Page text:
“It’s my employer’s responsibility to keep me safe at work!”  - but is it?

“It’s my employer’s respon­sibility to keep me safe at work!” - but is it?

Whilst it is agreed that you have the right to work in places where all the risks to your health and safety are properly controlled, we thought you may find it useful to understand that each of us, as an employee, has respon­sibi­lities too.

You must:

  • Take care of your own health and safety and that of people who may be affected by what you do (or do not do);

  • Co-operate with others on health and safety, and not interfere with, or misuse, anything provided for your health, safety or welfare;

  •  Follow the training you have received when using any work items your employer has given you.

It can be difficult to predict or avoid some health problems, but there are many small things that you can do to help you to stay safe and healthy at work.

10 tips to help you to stay safe and healthy!

1.  Teach yourself about your role’s risks

I am sure that each professional employer will provide training in relation to your safety at work, but if you can always be conscious of your environment and conscious of any new or strange risks that present themselves.  You should never take a chance!

2.  Use safety equipment

Safety equipment can keep you from getting hurt and may even save your life. It only takes a second to put on safety glasses, gloves, or other equipment.  Always wear a hard hat or helmet when doing anything that could result in an injury to your head.  Brain injuries can kill or cause long-term damage and incapacity.

3.   Comfortable Computing

Organise your work area and set up your workstation so your work movements involve less effort, by doing this you will be less likely to get an injury.  Remember to adjust the height of your chair and set your computer monitor at the correct height.  

4.   Let’s keep your back healthy!

If you are required to carry out any manual handling within your role you should remember that when lifting or moving any heavy objects you should keep your back straight and allow your legs to do the lifting.

One of the biggest risks to your back is not sitting correctly.  If you don’t sit correctly you run the risk of serious back and neck injuries. Always sit with your shoulders and hips aligned to reduce pressure on your back, this will reduce the chance of an injury.

5.  Your eyes need a coffee break too!

Office work demands that many of us sit at a computer for much of our day.  You should remember that your eyes need regular breaks to keep them in good condition. 

  • You should aim to look away from your screen regularly and take breaks completely away from your desk.
  • Look into the distance, or at objects of varying distances, every ten minutes to rest the muscles of the eye.  
  • Ensure that you have an eye assessment at least every two years.  

Make a coffee for the team!  Your eyes and your colleagues will appreciate it!

6.  Damage to ears at work is often preventable, but when it occurs it can be irre­ver­sible!

Many of us are exposed to dangerous noise levels at work. Noise-induced hearing loss or industrial deafness is caused by the intensity of sound levels and the length of exposure and is common in manuf­ac­turing and construc­tion.  We recommend that you follow the following steps:

  • Ensure that your hearing protection equipment fits correctly.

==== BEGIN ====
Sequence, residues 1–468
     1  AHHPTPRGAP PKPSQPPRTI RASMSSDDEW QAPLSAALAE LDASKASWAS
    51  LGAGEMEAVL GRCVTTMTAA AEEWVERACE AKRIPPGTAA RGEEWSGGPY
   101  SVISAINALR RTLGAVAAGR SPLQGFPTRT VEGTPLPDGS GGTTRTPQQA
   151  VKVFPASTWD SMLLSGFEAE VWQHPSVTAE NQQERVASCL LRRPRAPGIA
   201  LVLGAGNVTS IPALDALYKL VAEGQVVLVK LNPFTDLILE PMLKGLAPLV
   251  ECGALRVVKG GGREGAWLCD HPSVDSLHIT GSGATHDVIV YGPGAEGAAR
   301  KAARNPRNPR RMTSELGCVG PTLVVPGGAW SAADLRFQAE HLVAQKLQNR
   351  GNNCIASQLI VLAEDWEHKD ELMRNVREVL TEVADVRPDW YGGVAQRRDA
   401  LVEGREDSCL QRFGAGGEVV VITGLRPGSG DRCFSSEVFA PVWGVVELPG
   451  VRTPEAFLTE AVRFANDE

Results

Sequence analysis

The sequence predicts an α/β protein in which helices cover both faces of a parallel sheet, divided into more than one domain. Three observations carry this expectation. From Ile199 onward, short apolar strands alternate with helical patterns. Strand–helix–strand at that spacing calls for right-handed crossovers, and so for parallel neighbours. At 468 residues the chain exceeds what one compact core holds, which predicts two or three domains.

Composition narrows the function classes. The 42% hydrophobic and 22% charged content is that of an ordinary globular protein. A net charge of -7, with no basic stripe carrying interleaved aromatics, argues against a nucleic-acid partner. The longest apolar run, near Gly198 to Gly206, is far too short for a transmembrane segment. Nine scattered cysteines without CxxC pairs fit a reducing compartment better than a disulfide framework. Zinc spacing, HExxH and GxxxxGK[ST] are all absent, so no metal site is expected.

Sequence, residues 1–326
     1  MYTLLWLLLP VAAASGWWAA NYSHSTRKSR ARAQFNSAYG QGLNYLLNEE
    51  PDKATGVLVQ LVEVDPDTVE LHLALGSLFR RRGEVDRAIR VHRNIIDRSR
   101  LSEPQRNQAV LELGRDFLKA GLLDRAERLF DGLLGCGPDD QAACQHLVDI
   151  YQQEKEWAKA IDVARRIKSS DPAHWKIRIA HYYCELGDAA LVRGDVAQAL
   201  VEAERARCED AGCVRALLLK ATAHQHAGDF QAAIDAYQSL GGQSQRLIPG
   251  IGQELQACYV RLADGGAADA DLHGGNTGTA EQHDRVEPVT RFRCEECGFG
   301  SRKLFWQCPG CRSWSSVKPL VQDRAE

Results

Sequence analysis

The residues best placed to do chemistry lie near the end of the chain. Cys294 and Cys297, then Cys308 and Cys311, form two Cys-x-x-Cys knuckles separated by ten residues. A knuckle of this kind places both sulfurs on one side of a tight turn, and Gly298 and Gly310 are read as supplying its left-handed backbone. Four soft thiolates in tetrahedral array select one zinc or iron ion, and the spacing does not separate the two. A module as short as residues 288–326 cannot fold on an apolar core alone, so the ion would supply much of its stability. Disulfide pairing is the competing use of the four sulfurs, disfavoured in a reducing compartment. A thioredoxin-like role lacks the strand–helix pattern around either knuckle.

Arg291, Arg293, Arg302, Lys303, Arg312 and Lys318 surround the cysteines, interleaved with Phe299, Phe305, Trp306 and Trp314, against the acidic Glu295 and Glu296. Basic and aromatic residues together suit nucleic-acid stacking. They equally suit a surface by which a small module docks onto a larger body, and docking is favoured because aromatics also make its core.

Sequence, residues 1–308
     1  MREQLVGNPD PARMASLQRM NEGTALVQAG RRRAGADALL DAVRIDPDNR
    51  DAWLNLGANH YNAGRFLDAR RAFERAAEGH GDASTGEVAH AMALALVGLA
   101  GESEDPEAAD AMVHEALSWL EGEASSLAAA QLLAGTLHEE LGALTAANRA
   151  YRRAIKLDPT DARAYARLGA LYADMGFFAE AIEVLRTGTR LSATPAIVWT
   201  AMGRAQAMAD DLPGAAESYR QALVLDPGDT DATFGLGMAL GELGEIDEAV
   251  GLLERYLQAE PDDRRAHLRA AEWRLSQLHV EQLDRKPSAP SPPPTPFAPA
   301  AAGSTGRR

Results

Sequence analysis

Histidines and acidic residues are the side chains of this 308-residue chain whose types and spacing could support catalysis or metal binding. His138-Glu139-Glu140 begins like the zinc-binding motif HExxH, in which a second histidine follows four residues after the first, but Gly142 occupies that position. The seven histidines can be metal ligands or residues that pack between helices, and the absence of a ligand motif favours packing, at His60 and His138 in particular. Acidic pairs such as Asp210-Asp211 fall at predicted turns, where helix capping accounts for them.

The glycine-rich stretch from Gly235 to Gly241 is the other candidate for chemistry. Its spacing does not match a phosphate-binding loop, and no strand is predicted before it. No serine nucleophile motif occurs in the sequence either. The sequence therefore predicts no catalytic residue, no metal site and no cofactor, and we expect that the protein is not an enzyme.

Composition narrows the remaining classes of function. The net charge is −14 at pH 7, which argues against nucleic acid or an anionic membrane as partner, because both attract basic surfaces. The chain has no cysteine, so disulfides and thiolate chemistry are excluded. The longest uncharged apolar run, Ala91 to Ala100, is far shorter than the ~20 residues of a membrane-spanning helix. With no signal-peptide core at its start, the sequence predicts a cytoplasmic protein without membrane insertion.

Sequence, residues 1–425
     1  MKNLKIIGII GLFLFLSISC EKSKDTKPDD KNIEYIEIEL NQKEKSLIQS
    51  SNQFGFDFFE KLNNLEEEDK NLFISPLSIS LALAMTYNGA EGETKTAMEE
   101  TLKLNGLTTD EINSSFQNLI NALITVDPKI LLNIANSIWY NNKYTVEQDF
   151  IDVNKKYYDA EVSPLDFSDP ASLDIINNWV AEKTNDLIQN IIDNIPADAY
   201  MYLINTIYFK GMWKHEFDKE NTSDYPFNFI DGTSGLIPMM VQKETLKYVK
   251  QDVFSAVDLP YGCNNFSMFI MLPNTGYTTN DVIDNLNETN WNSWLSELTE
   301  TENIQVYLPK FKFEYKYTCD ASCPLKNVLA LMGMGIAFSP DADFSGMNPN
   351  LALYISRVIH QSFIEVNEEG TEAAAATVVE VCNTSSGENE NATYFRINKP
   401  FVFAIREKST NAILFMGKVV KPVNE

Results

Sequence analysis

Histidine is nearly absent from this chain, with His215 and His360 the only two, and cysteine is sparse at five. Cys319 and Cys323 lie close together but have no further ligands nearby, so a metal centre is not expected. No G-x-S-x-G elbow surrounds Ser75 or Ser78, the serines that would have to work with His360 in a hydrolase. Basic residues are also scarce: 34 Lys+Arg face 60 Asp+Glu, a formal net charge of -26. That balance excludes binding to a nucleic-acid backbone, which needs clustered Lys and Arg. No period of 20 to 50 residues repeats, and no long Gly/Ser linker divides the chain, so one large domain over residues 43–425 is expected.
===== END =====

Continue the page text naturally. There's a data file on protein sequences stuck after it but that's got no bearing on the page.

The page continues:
• Be aware of high noise levels and avoid them when possible.  If you can’t hear someone who is within three feet of you then the noise is too loud.
  • Have regular hearing tests.
  • Speak to your manager if you are concerned about the noise levels.

7.  Know what to do when there is an emergency

Safety drills are practised to help each of us to stay safe should an emergency happen.  Learn when the fire alarm is regularly tested so that you know when it sounds at a different time, then it is not a drill! Familiarise yourself with the nearest emergency exits and know where the assembly point is.  When a drill is scheduled, take it seriously and give it your full attention. It could save your life at some stage!

8.  Avoid talking on your mobile phone when driving

Research has revealed that even a hands-free model may distract you and make you more like to have an accident.  The roads are so congested nowadays it is imperative to be alert to your surro­un­dings.

9.  Avoid work travel hazards – we don’t want you to age prematurely!

Many of us travel for work each week.  Regular travel can affect your diet, sleep and even your hydration.  In short, travelling can make it more difficult to make healthy lifestyle choices which can affect your blood pressure and cholesterol levels among other things – leading to an increased risk of chronic disease and premature ageing. When you are away the best solution is to stick to your normal routines as much as possible.

  • Maintain your sleeping habits
  • As soon as you board your plane, start drinking water and avoid excessive amounts of alcohol
  • Eat a similar breakfast every day
  • Exercise every day
  • Don’t work every night

10. Make some lifestyle changes

Making good choices every day may be the best way to stay healthy.  It’s not easy to make changes to your everyday life, but if you aim to change one thing at a time, you will get there.  Set yourself an achievable goal that you know that you can reach, then when you reach that goal, treat yourself and set the next goal too.  We’ve listed some key areas for you to focus on and we’ve indicated some useful links to some great information from the NHS too:

You spend a lot of time at work.  Many of us spend more time with our colleagues than we do with our families and friends! It’s important that we all make our health and safety a riority whilst we are working!  Stay safe!

 

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